An Unfortunate Decision on Student Health Plan Coverage

The Administration is asking LeBron James and players from the NFL to help sell the Affordable Care Act to young, healthy Americans. The more young, healthy people who sign up for coverage in the new health insurance exchanges, the more sustainable the exchanges and the more affordable the insurance. So why then has the Administration just made a decision that could inhibit a significant number of young people from accessing exchange coverage?

Here’s what happened. This week the Administration, through a U.S. Department of Health and Human Services (HHS) final regulation and Department of Treasury guidance, concluded that if a student is enrolled in a college- or university-sponsored self-funded health plan, he or she will not be eligible for premium tax credits on the health insurance exchanges, at least for 2014.

Specifically, the HHS regulation designates certain types of coverage as “minimal essential coverage” for purposes of the Affordable Care Act’s (ACA) individual responsibility requirement. As folks undoubtedly remember from that Supreme Court case decided last June, Americans are required to maintain health insurance that meets minimum coverage standards or make a “shared responsibility” payment on their tax returns. HHS has the responsibility for defining what it means to maintain minimum coverage (MEC), which they did in this final rule.

When HHS released its proposed rule earlier this year, consumer and youth advocates were particularly concerned about a provision deeming self-insured student health plans as MEC. While students enrolled in such plans should not suffer penalties for not meeting the ACA’s individual responsibility requirement, they rightfully pointed out that the proposed rule exposed young people to plans that are essentially unregulated and are often very skimpy. For example, many impose annual and lifetime dollar limits and prescription drug limits, don’t fully cover preventive care, and include pre-existing condition exclusions – the very same provisions that are now prohibited under the ACA.

We might not care if student health plans are skimpy. After all, minimal benefits help keep premiums low, and if a student wants more meaningful coverage, they could just shop for a plan on the exchange. But with yesterday’s Treasury Department decision, if they’re in a self-funded student plan, they’re barred from doing that. The Treasury Department has said that if self-funded student health plans are deemed MEC by HHS, anyone enrolled in that plan is not eligible for the premium tax credits on the exchanges. Under the ACA, individuals are only eligible for tax credits if they are not also eligible for MEC (although an exception is made  for individual market coverage, which includes other types of student health plans).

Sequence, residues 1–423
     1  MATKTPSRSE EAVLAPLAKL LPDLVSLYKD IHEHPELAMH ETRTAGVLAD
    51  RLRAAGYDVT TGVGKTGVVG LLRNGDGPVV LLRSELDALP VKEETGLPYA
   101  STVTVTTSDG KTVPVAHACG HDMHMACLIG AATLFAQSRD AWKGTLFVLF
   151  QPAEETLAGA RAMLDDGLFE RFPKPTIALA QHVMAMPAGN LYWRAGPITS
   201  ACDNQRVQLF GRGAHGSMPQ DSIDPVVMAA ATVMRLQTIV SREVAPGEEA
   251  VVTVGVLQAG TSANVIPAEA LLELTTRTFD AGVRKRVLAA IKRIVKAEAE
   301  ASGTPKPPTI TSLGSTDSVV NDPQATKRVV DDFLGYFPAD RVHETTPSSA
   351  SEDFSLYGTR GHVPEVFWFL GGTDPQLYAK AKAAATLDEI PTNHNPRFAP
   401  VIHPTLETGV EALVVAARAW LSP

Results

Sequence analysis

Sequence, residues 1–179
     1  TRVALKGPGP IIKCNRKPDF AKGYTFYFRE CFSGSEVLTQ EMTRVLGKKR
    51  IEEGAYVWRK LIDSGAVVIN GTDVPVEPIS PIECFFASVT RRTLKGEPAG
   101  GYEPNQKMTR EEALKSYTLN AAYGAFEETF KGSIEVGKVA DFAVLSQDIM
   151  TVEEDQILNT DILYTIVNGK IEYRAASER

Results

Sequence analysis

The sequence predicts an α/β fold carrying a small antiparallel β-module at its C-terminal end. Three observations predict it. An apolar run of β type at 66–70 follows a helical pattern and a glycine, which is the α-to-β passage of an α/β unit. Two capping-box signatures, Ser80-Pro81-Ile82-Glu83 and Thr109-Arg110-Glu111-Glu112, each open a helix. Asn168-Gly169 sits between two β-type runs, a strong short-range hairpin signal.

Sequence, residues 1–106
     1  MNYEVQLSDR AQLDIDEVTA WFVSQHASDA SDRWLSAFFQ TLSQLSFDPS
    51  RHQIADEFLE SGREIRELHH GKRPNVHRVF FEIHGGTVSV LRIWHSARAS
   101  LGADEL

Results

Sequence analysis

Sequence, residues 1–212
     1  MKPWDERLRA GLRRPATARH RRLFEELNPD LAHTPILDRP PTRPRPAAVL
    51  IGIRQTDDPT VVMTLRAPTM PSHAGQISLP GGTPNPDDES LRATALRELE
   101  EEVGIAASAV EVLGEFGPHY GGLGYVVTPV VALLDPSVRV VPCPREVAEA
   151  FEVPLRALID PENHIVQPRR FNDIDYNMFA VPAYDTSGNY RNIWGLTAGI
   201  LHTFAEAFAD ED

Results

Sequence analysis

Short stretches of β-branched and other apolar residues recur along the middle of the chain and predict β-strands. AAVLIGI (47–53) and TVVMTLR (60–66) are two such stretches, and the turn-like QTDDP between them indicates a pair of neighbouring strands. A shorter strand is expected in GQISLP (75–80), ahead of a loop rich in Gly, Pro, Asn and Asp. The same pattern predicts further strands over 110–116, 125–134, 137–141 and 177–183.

There was good news out of the joint release yesterday. First, HHS has softened its initial stance: While the proposed rule deemed all self-insured student plans as MEC, the final rule only does so for 2014. In future years HHS requires them to apply for MEC recognition.

That’s an improvement, because any plan sponsor applying for MEC recognition has to show that the plan offers “substantially the same” consumer protections as those required of non-grandfathered individual market plans under the ACA. The rule doesn’t say this explicitly, but presumably it means that student plans will have to show such things as coverage of the essential health benefits (including prescription drug, maternity, and mental and substance abuse services) and preventive services without cost-sharing, and elimination of pre-existing condition exclusions and annual or lifetime dollar limits.

In addition, the Treasury Department could have said that mere access to a self-funded student plan bars a student from eligibility for tax credits in the exchanges. Instead, the rule only applies if the student is enrolled in the student plan. But what’s not clear from the guidance is whether a student who enrolls in their school’s plan in August or September (and enrollment in student insurance can often be a condition of matriculation) can drop their student coverage mid-year and switch to an exchange plan.*

Hopefully, students who might be encouraged by LeBron or RGIII to sign up for exchange coverage will be allowed to switch from a sub-par college plan to an exchange plan if they wish, but more clarity from HHS and Treasury would be helpful.

*Students should check university and state Medicaid eligibility rules to see if they can enroll in Medicaid.

1 Comment

  • I’m not as concerned about the subsidies as I am about students perceiving that these plans will be as robust and reliable as plans available through the exchanges. And yes, we need to do everything we can to get the young and healthy into the exchanges.

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